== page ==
’I’ve spent my entire life in the ballet world, and I don’t think I’ve ever spoken to a single female dancer that hasn’t either experienced disordered eating or an actual eating disorder. So often, it is the reason their careers end, whether the disorder itself is what causes them to stop dancing or, like me, are injured as a result of years of poor nutrition. It’s so normalized in the dance community I didn’t even think I had an eating disorder because my behaviour was exactly what I was surrounded by for the majority of my life. Even when it wasn’t the full-blown anorexia it developed into later, I was by no means taking care of my body. Barely eating during the day, being praised for not getting my period because it meant my body fat levels were low, but still being told to lose weight to “compensate for my height” all while hardly 18, while my body is trying to go through puberty. When you tell a young girl that her only worth is in her body, and that if it ever were to change, she’d essentially be worthless in the eyes of those at the front of the room, you’re not only lying to her, but you’re setting her up for immense distress the moment she begins to grow into a woman. Being told repeatedly that my body was my only asset, that if I didn’t have this naturally long and lean physique, I’d have nothing. That’s something that I took in and held up as the truth for years. Never questioning this statement, never thinking to assign my worth to my intelligence, or compassion, or drive, just my body in all its superficiality.
As I got older, I began witnessing my peers grow into women, and saw them be ignored, or shamed, or sexualized daily in class and rehearsals. I was so afraid of having it happen to me. I didn’t hit puberty until I was 18, and so I figured that I would just always look like a ten-year old. To go from being a dancer in a prepubescent body to a dancer with a woman’s frame in short period of time, and so late, isn’t just uncomfortable physically, but mentally. I was terrified of my changing body and hated that now I was also one of those dancers being sexualized and shamed for how I looked. I fought against my natural self with ounce of me. My eating disorder began as an attempt to revert back to my child body, to protect myself. And it eventually resulted in me having to quit ballet.
When I finally received help, it was only after I had pushed my body to the point of injury due to years of poor nutrition and overuse. At that point, I was in total denial of my disorder, and attributed my behaviour to “staying in shape” while I was off from ballet. I was sat down by my therapist who looked me straight in the eyes and told that if I continued with what I was doing to myself, I would die. It took those words to snap me out of this state, where the goal was thinness at any cost, where my safety and my value to society was held in shrinking myself.
While I am no longer in that same lethal headspace, my self-worth is still very much entrenched in my physical being. But it’s no longer the same fight that it was at the beginning. I’m learning to forgive myself for putting my body through years of starvation and overuse, ultimately sabotaging my own career by placing weight at the forefront of my goals. I’m learning where these patterns come from, I’m tracing them all the way back to its roots. And in that there is awareness, and in awareness there is power.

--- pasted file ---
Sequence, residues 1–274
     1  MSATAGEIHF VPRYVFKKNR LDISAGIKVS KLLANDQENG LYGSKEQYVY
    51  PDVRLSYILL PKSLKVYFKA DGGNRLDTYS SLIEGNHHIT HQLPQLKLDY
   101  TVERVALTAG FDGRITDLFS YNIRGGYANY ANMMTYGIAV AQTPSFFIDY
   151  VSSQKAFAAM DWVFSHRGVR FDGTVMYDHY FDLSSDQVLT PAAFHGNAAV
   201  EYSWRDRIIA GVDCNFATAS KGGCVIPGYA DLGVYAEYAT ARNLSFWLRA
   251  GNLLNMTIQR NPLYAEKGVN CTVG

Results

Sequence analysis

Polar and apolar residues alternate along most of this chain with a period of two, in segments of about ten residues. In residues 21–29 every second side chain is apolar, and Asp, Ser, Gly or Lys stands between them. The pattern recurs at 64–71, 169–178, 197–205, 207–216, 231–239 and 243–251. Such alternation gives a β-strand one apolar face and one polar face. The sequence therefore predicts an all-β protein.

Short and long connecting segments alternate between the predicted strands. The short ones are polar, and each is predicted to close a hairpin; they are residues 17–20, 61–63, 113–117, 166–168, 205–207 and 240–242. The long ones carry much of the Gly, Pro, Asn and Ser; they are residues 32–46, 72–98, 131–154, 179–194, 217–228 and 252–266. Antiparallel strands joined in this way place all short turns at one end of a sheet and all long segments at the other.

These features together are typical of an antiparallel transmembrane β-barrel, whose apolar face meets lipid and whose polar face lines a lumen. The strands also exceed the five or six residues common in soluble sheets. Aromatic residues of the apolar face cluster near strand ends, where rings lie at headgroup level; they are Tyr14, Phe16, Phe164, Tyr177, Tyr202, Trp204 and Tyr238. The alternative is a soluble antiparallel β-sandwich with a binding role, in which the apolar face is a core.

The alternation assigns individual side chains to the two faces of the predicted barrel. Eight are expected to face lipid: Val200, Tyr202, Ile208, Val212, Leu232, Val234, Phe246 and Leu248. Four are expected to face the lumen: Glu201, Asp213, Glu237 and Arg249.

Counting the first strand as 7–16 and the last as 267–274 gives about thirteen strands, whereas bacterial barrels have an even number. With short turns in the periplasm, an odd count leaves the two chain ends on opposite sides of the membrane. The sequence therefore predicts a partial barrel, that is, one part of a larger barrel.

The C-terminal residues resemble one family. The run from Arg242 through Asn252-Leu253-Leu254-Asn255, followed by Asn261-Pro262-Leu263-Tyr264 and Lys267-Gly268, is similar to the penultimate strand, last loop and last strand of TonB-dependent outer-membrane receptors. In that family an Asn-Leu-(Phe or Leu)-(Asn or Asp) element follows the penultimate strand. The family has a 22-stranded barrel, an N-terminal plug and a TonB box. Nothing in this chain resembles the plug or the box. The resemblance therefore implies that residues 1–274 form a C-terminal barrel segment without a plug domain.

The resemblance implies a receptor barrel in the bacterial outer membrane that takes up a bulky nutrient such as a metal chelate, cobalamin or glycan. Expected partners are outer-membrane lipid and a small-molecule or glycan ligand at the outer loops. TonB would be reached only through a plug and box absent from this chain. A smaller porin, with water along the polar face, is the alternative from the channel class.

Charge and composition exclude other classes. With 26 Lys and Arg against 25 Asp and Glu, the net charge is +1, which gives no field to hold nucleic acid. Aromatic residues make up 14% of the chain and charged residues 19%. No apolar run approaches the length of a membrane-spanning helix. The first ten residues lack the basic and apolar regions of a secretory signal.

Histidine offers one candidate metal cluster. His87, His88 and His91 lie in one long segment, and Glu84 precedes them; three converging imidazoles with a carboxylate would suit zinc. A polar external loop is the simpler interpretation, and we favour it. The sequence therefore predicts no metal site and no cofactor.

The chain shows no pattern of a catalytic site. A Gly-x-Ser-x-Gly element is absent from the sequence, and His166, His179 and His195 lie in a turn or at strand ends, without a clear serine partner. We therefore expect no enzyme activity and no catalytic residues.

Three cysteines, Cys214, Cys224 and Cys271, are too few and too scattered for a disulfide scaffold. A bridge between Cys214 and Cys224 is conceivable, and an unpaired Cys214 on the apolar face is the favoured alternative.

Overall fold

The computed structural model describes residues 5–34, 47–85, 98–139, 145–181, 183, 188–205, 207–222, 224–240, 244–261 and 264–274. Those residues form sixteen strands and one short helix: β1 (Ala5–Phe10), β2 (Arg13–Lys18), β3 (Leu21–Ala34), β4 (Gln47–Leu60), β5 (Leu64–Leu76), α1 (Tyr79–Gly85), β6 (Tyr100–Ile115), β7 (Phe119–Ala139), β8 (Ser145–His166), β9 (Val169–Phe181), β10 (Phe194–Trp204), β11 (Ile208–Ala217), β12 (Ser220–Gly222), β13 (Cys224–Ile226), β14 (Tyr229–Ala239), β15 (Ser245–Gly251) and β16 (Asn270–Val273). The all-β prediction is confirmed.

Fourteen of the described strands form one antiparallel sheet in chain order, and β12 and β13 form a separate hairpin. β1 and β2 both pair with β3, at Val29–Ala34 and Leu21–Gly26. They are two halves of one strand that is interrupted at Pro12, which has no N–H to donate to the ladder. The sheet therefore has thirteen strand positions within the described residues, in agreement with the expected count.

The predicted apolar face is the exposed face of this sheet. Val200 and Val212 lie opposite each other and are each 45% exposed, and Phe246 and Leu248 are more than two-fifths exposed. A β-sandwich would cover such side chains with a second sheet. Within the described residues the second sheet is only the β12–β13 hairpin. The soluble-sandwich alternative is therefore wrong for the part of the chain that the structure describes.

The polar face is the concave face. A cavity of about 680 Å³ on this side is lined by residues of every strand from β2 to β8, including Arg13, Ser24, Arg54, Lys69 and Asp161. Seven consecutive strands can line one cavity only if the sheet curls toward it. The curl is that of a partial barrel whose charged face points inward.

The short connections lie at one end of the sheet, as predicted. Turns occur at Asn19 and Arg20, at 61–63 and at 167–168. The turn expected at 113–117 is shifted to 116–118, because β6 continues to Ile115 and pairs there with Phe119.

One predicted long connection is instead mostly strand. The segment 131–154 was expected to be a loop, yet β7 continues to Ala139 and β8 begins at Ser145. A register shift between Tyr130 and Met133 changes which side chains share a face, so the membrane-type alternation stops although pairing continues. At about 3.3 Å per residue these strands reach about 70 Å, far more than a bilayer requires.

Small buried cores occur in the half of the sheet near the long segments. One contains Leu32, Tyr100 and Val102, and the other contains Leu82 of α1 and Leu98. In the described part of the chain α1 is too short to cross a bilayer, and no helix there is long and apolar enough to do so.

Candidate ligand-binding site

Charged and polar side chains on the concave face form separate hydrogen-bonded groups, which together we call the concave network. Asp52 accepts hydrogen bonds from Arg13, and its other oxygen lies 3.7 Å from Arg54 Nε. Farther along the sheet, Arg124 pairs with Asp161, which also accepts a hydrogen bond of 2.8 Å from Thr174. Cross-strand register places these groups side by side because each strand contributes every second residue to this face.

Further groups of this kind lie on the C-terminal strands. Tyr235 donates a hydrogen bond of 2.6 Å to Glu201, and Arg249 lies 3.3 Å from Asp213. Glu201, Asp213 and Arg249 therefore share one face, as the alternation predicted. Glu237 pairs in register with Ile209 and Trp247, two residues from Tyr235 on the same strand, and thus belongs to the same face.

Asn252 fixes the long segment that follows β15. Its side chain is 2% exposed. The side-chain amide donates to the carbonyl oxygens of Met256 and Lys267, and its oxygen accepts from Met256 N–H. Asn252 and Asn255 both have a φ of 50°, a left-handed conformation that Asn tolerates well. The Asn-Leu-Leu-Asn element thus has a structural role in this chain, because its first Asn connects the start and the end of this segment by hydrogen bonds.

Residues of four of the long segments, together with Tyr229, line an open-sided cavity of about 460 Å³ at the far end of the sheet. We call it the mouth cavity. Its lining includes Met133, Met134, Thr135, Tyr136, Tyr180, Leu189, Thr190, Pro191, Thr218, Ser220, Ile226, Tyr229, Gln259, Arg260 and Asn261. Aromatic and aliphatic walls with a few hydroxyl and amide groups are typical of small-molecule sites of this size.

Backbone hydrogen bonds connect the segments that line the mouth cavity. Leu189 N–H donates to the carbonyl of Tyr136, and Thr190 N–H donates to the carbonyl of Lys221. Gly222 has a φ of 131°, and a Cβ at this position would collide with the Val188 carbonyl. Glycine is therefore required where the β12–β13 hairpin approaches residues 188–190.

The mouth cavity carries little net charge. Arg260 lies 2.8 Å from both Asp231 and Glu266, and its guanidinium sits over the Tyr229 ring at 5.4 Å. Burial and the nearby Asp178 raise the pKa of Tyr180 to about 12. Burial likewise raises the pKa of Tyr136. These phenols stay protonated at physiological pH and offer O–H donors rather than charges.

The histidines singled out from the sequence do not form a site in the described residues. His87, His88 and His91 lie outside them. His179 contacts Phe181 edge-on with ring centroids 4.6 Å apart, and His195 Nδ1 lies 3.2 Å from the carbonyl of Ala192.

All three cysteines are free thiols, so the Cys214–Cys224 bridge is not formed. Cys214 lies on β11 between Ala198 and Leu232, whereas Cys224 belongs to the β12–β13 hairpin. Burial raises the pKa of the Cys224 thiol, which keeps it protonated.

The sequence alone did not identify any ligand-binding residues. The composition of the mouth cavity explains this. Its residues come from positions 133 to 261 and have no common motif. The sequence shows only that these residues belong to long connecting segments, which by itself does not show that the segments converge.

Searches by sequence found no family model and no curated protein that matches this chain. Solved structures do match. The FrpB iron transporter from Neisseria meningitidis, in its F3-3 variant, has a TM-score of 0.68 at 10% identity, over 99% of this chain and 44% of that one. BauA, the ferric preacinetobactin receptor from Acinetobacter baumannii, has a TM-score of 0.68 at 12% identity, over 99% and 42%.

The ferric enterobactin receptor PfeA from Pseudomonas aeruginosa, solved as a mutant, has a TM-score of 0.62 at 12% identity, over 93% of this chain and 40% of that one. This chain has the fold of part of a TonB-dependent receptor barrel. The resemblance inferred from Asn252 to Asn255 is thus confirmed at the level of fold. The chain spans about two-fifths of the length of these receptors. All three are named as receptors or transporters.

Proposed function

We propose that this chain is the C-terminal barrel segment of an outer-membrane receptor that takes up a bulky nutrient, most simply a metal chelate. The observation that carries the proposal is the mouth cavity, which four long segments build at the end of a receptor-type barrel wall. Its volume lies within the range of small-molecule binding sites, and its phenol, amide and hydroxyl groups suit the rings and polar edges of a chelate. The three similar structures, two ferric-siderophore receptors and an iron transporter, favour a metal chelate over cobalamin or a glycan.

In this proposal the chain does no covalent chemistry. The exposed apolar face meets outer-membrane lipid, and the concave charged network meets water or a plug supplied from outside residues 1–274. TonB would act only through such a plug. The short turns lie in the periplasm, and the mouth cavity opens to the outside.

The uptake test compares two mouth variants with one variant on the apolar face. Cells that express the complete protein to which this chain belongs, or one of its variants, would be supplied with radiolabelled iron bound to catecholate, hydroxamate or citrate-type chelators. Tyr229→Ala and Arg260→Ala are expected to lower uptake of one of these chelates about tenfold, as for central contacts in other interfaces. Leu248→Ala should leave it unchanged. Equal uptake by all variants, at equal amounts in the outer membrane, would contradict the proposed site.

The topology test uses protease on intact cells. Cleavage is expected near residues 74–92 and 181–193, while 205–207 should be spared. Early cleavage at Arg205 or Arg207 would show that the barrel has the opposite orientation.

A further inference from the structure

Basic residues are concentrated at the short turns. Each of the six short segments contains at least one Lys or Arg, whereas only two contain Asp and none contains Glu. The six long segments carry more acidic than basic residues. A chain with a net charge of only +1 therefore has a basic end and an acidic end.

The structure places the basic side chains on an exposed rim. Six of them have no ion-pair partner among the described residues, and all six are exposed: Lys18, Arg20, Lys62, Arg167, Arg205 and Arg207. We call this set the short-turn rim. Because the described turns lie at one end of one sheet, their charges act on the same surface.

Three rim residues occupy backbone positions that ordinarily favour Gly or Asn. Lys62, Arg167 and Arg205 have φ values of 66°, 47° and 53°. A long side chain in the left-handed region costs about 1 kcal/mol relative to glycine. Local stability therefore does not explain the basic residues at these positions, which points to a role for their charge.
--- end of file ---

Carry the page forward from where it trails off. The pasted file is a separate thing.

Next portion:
The recent New York Times article, which looked promising, was rather disappointing in terms of how resigned it seemed to the toxicity of ballet’s culture. I admire the dancers in the interview for being so open about their own struggles, however the way the article is constructed leaves me feeling like the we’ve already accepted that this is just “how it is”. How can we move towards creating a healthier work environment when we’re resigned to this standard, where a weight gain of 6lbs during a break due to a global pandemic causes a woman to think she no longer looks anything like a ballerina? How can the dance world strive for body acceptance when the costumes matter more to the company than the dancers wearing them? I was raised in this world.
I understand the need to be in shape, and I understand desire for the aesthetic. What I don’t understand is the need to create an environment in schools and companies that leaves dancers riddled with eating disorders, among other mental health problems. This culture of thinness as the absolute goal, whether it’s promoted openly in the studio or not, must change. At some of my lowest weights, when I was clearly very unhealthy, at no point was there ever any concern shown for my health. If anything, I was praised for how I looked. How is rewarding starvation contributing to anyone’s artistic development? Why is the desired physical aesthetic, for the most part, that of a prepubescent child? It is not necessary; it is not sustainable, and it is entirely unethical. I’m meant to look like a woman, not ten-year old. I refuse to accept that the only way to have dancers look good on stage is through a rhetoric of idolizing extreme thinness above all else. Art does not require suffering, smallness does not hold the key to being powerful and gorgeous in one’s discipline.’
Emily is a former ballerina from Vancouver, BC. She trained at Goh Ballet Academy, and spent a year as a Dutch National Trainee – now European School of Ballet. She is starting her degree in Literary Studies at the University of Amsterdam in the fall, and hopes to pursue a career in education around mental health in dance.